An Open Letter to the Cast and Crew of Pose
I’ll spare you my transition story because it’s fucking painful. I do want y’all to cry, but tears of happiness. But here are the important bits: I came out at 13 as a gay male. I lived in Arkansas. From 19-21 I was an activist. I was outed to most of my family by the newspaper. I moved to NYC a year later, in 2012. After 5 years in NYC, I was able to come out to myself as trans, and I have been transitioning for 23 months.
My transition has included a breakdown, losing my job, a few suicide attempts, and a few hospitalizations. This time a year ago I had clinical agoraphobia and selective mutism. All of my friends abandoned me. Except for my trans friends. They were always there.
I’m happy to tell you that after a lot of hard work I’m now happier than I have ever been. More importantly, I believe in myself for the first time ever. I realize that all the people who have believed in me throughout the ages weren’t delusional, I WAS. I was a cynic. Cynicism is the ultimate weapon because it invalidates any act of sincerity. The most painful part of this is knowing that my cynicism is a tool I developed to anesthetize the pain of living in a world that hates me. One that I ended up using on myself, and not on the world. I have come to realize that the deepest pains I have ever felt are the ones I have caused myself. I’m learning to forgive myself for them, and I am starting to shine. I know, now, that the only difference between me and the movers and shakers is that they believe in themselves.
I am choosing to believe in myself.
Pose has helped me make that choice.
For most of my transition, I’ve avoided transition narratives, because let’s be honest—they’re all so painful. But combined with my agoraphobia, I was starved for trans contact. All my life, no matter how I presented my gender, I’ve known I was queer. I’ve wanted nothing more than a queer community. Straight society has always told me that I don’t need that; it’s okay to assimilate. So many of the gays I know have always told me that. They’ve all been white.
I found a community of trans folk, and I found it online. It was tremendously helpful during an incredibly painful part of my life, but I knew it was a substitute. I knew that I lived in one of the few cities where all-queer communities were real, but because I never believed in myself I couldn’t see how a community could believe in me. I worked on this really hard with my therapist, and began consciously spending more time just hanging out in the West Village. Good things started happening to me. I bumped into queers. We didn’t have super meaningful interactions but they were real interactions and that has supercharged me. I haven’t found a community yet but I will persist until I do. I know families of people just like me are real and I won’t stop until I’ve found one.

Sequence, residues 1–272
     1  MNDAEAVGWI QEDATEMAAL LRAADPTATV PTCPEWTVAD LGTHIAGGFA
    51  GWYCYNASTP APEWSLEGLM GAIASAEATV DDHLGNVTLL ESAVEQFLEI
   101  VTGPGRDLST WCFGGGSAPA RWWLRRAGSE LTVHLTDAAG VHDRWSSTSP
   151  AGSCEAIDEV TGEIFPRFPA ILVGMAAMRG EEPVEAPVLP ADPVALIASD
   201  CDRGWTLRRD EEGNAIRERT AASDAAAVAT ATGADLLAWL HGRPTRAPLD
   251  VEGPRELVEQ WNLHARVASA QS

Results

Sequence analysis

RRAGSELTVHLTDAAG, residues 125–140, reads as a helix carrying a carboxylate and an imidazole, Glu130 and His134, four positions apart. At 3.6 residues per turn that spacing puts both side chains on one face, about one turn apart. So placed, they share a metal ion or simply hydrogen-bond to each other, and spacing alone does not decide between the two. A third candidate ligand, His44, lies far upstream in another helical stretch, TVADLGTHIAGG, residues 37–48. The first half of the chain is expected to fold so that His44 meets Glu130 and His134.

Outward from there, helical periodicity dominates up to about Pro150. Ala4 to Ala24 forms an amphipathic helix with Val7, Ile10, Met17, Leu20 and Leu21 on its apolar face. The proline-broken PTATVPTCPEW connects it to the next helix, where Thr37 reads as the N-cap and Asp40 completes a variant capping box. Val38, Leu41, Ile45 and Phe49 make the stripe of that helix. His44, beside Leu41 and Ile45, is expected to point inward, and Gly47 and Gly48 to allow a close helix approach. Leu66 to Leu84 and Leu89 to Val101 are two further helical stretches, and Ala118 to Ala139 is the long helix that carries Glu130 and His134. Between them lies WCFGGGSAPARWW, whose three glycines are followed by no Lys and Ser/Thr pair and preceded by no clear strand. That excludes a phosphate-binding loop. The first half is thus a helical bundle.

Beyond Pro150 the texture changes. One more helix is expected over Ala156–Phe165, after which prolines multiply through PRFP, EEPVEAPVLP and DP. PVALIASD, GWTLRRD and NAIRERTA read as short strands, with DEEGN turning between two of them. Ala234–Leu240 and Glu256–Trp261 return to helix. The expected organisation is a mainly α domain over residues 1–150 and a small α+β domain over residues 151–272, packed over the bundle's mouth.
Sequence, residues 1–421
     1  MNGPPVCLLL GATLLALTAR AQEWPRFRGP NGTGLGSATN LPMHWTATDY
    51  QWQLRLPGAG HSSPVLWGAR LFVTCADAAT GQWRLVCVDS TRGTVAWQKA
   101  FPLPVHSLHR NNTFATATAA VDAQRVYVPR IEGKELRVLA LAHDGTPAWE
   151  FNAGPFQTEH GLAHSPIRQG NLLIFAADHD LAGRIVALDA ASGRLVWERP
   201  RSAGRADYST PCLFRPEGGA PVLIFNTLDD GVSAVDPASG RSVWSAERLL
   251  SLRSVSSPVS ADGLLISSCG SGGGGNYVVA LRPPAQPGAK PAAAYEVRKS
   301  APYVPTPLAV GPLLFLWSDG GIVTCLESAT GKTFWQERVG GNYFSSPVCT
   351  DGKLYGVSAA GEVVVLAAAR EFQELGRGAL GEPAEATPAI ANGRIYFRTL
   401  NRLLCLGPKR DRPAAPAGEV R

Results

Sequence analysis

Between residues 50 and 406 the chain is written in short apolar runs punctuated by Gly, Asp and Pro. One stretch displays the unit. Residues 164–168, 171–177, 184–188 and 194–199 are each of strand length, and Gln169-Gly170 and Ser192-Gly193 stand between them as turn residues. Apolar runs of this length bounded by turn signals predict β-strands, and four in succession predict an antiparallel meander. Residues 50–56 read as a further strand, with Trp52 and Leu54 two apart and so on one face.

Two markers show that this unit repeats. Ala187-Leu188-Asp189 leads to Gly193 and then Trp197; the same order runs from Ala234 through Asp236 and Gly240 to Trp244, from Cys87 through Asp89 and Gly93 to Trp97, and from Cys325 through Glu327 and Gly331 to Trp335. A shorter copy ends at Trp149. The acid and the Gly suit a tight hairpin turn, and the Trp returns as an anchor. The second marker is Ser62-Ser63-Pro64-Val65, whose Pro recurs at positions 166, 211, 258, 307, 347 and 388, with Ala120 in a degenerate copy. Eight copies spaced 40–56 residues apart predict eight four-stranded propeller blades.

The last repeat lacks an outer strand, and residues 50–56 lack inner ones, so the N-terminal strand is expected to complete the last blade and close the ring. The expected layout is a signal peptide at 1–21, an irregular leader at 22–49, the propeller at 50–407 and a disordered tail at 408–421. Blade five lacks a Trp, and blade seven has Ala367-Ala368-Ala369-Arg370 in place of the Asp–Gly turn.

This month is super important to me, not just because of Stonewall 50, but because I turned 30 9 days ago. I did a lot of hard work to get to this moment, and I feel revitalized. A few days after that initial spark, when I first started to believe in myself, I felt ready for some trans stories. I chose Pose.
You have reinvented my life and I only started watching on Friday.
Just last week I texted my friend “I want to etch stories of trans happiness into the public narrative” AND HERE YOU ARE DOING JUST THAT! Lately I’ve realized that it’s not that these stories have never existed, it’s just that they have never been told to me. They have been told but they were stories I never knew about because I didn’t live in a world where those stories would have crossed paths with my life.
I was sobbing from the first episode. The fact that you shoot in present day NYC and don’t try to fetishize the look of the city during the 80s makes it so much more real to me because it’s the actual backdrop of my life. The scene when Blanca met Damon in Washington Square Park made me sob because I have so many similar experiences. I have slept in Washington Square Park for a few hours when I didn’t have a home and was bouncing between couches and had literally no where else to be. I have slept with men who I didn’t want to sleep with because it meant the difference between a roof over my head or sleeping on a bench. And some of those relationships have grown into real things. Real friendships that last over years.